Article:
Richard Conlin's Blog
The president of Seattle's City Council writes about the city's effort to become North America's first carbon neutral city.
The technology to achieve carbon neutrality exists, or could in the near future. What has to happen to put those capabilities in play?
What role do cities have in promoting climate-friendly food?
“Seattle becomes one of the first city governments in the world to declare that the goal of being carbon neutral is desirable, realistic, and attainable.”
In Seattle’s quest for carbon neutrality, what role do personal actions play?
Richard Conlin: Green urban travel shouldn’t be about guilt trips or prohibition, but about making the good choices easy.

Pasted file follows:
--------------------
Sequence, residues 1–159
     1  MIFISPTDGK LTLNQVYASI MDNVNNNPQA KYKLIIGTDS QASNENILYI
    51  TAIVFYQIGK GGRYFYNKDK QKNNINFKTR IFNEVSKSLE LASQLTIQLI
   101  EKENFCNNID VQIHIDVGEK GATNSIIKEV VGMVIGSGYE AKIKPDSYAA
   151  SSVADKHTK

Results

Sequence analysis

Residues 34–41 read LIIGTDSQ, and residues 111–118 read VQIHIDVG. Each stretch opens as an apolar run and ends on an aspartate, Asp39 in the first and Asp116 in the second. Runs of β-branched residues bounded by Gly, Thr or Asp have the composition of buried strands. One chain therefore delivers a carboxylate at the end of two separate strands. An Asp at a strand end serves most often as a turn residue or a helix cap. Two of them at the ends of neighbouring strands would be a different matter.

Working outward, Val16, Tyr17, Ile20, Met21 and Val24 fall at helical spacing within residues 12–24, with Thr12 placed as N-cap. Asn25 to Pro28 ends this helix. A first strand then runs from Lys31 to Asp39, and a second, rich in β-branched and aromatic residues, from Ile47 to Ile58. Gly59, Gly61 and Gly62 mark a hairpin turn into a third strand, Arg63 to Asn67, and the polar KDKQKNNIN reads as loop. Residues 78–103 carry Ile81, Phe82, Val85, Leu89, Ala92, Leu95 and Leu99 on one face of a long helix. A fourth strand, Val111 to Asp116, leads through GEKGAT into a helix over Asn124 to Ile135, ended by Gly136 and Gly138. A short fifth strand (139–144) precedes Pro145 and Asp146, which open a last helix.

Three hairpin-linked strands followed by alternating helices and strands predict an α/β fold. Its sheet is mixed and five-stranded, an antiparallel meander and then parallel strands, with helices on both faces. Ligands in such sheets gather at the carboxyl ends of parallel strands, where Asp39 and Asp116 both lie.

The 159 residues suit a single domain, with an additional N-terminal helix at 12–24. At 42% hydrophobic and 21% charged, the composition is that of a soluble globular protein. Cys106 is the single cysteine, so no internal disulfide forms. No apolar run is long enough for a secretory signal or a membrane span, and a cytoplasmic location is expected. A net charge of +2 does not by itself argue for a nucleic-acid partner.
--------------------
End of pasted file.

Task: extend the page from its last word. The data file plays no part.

In Seattle, cutting carbon while increasing quality of life.
In Seattle, how changes in policy help prepare for changes in climate.
In Seattle, the coming decades will bring new challenges—from storms and rising seas to climate refugees. How will the city adapt?
What are a city's options for cutting its carbon?
Big transportation projects can contribute to sprawl and increase automobile use—or, they can promote biking, walking, and use of transit. Seattle is working to take the latter path.
There’s simply no room for waste in a carbon neutral city. Seattle has a plan to cut its contribution to landfills—and it’s working.
Yes, you create emissions when you burn gasoline, but what about the carbon emissions from making the car?
Seattle is working to become America's first climate neutral city. But first, it has to figure out where its carbon comes from.
The movement to transform our country’s food system is picking up steam—and the political environment has never been better.
Looking back on 10 years of carbon reduction efforts in Seattle.